April 07, 2014

Toronto's Beach Getaway


The east Toronto neighbourhood of The Beach preserves its roots as the city’s first lakeside resort, embracing its aquatic heritage while marrying a thriving commercial district with its cherished parklands. Disagreement continues to this day as to the proper name for the neighbourhood. Is it The Beaches or The Beach? According to local street signs, the latter has won.





This oasis of pocket gardens and shady ravines skirts the shores of Lake Ontario only fifteen minutes from downtown Toronto. Well-preserved Victorian and Edwardian homes and refurbished beach cottages line quiet streets with leafy names like Silver Birch, Willow and Beech. These residential streets lead from bustling Queen Street East to the four area beaches (Woodbine, Kew, Balmy and Scarboro) and the three-kilometre boardwalk that links them together.



The Boardwalk in The Beach


The lakeshore is the heart of The Beach. Residents and visitors alike congregate here to walk their dogs or jog the tree-fringed boardwalk and rollerblade or bike the Martin Goodman Trail. You can also canoe, windsurf or join in a game of beach volleyball or tennis. Woodbine and Kew-Balmy beaches have been awarded the Blue Flag, an international eco-label signifying excellence in water quality and beach management. Woodbine Park is also the site of the outdoor Olympic-sized Donald D. Summerville Pool.


Toronto's Blue Flag Beaches



The ambience along Queen Street East is family-oriented, with an eclectic mingling of boutiques, gift shops and eateries that has earned the title of best small-town Main Street in the province. In the summer, stalls of fresh Niagara fruit and buckets of flowers spill out onto sidewalks and buskers entertain passers-by. And judging by the array of businesses catering to pets – including two hospitals, the Pets at Peace funeral home and even a Woof-fit fitness studio – Beachers love their four-legged friends. According to Tourism Toronto, The Beach is home to more dogs per capita than anywhere else in the city.


Flowers on Queen Street East


A lively hundred-foot mural on the wall of the Beach IGA at Queen and Lee, Beach Got Rhythm, captures some of the neighbourhood’s most celebrated features like Kew Beach Fire Hall, the much-photographed Leuty Lifeguard Station, the quaint Gardener’s Cottage at Kew Gardens and The Beaches International Jazz Festival. A second mural depicting the Scarboro Beach Amusement Park now graces the corner of Queen and Wineva. The amusement park provided lakeside fun for Torontonians from 1907 - 1925.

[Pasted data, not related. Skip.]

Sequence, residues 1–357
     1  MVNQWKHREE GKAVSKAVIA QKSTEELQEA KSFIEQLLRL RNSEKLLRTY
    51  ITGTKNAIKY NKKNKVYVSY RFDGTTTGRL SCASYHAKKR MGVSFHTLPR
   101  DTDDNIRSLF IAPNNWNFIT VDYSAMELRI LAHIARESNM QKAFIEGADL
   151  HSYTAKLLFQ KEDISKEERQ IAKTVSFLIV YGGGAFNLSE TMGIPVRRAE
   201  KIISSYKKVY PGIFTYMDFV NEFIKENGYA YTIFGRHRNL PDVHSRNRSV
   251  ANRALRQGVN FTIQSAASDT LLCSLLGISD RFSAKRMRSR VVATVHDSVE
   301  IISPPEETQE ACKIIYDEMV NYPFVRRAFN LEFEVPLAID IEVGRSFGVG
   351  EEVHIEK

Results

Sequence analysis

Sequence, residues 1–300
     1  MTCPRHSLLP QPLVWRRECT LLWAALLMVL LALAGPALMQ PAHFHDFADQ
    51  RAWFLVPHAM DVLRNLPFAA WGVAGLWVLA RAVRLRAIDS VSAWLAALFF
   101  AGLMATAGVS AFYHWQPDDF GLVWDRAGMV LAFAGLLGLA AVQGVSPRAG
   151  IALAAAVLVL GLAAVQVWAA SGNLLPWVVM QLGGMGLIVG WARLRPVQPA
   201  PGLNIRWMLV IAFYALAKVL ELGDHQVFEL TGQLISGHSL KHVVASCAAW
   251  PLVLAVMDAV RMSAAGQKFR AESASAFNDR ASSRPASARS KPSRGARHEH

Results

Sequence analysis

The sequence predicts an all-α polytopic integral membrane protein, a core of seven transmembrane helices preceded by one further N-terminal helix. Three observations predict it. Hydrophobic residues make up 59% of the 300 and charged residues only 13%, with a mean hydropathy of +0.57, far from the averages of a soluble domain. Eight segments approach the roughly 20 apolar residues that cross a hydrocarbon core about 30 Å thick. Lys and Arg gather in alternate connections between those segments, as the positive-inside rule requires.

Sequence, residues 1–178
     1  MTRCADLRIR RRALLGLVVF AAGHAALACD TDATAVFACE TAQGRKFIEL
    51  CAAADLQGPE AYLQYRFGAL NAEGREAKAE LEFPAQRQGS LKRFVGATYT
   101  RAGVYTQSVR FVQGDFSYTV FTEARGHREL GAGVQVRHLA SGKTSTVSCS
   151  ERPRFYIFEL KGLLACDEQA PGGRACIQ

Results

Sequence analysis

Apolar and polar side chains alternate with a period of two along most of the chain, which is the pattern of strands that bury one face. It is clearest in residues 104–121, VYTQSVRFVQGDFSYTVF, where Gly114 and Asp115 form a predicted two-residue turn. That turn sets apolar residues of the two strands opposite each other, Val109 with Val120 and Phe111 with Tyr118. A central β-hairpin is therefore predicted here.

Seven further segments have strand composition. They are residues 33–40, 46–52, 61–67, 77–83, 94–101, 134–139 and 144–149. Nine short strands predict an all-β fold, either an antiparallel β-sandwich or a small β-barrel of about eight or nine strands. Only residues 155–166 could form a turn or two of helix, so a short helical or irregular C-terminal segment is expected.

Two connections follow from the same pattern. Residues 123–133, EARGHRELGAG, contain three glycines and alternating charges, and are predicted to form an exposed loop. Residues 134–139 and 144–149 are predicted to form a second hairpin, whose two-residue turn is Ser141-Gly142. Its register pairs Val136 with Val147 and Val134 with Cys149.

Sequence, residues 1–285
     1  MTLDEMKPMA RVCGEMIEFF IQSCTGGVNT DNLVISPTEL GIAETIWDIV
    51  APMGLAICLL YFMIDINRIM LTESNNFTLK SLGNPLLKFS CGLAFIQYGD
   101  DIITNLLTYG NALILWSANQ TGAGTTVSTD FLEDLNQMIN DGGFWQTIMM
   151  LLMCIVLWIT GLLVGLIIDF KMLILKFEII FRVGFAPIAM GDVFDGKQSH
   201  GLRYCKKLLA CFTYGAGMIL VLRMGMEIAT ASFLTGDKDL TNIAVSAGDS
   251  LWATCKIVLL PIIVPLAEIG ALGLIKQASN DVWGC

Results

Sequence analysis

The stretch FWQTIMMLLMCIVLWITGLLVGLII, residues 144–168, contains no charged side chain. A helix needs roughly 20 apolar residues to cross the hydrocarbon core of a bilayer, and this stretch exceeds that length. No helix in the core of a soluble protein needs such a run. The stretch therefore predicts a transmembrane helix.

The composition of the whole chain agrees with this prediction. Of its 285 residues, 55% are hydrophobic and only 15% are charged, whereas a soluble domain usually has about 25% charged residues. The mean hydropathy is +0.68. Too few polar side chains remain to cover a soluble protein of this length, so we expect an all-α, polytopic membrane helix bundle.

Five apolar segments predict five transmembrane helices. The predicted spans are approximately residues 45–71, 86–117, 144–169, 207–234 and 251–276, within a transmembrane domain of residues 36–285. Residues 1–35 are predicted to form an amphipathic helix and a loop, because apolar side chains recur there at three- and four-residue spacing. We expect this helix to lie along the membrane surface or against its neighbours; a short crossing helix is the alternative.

Beach Got Rhythm Mural, by Rudolf Stussi & Errol Stussi







The Leuty Lifeguard Station


The Gardener's Cottage, Kew Gardens


The Beaches International Jazz Festival draws close to a million jazz fans to The Beach each summer for a series of free performances. July 2014 marks the 26th anniversary of the event, which takes place over two weekends from July 18-27 and features multiple outdoor venues plus a Streetfest.

Beyond the main commercial area along Queen Street East lie two noteworthy Beach institutions. The Fox Theatre is Toronto’s longest continually-running movie theatre and the Art Deco R. C. Harris Water Treatment Plant is prized as a film set for its grand cathedral-style architecture and stunning location above Lake Ontario.


The Fox Theatre


Dining in The Beach is casual and varied, from Italian and Greek to Asian and pub fare. Some restaurants are set in historic buildings like Whitlock’s, dating from 1891 when it was a grocery store and post office, or Lion on the Beach, once a branch of the Bank of Canada.



Lion on the Beach


The East Patio at Lion on the Beach


And then there’s The Garden Gate which opened in 1952 and is now known by locals as “The Goof” since some of the letters in the “Good Food” neon sign burnt out decades ago. Many places offer outdoor seating on a sunny sidewalk or shaded patio and park benches scattered through Kew Gardens or along the boardwalk are ideal for enjoying an ice cream cone or specialty coffee to-go.


The Garden Gate Restaurant or "The Goof"


Kew Gardens


The Beaches Library and Kew Gardens



Getting around in The Beach is best done on foot. Parking can be difficult to find, especially on summer weekends, but walking is the ideal way to explore the neighbourhood. And you can always hitch a ride on the “Red Rocket”, one of Toronto’s convenient streetcars.



The "Red Rocket"

Consider adding a beach getaway to your next Toronto visit. You'll discover a different side of life in the heart of Canada’s largest city.

For more information on The Beach:

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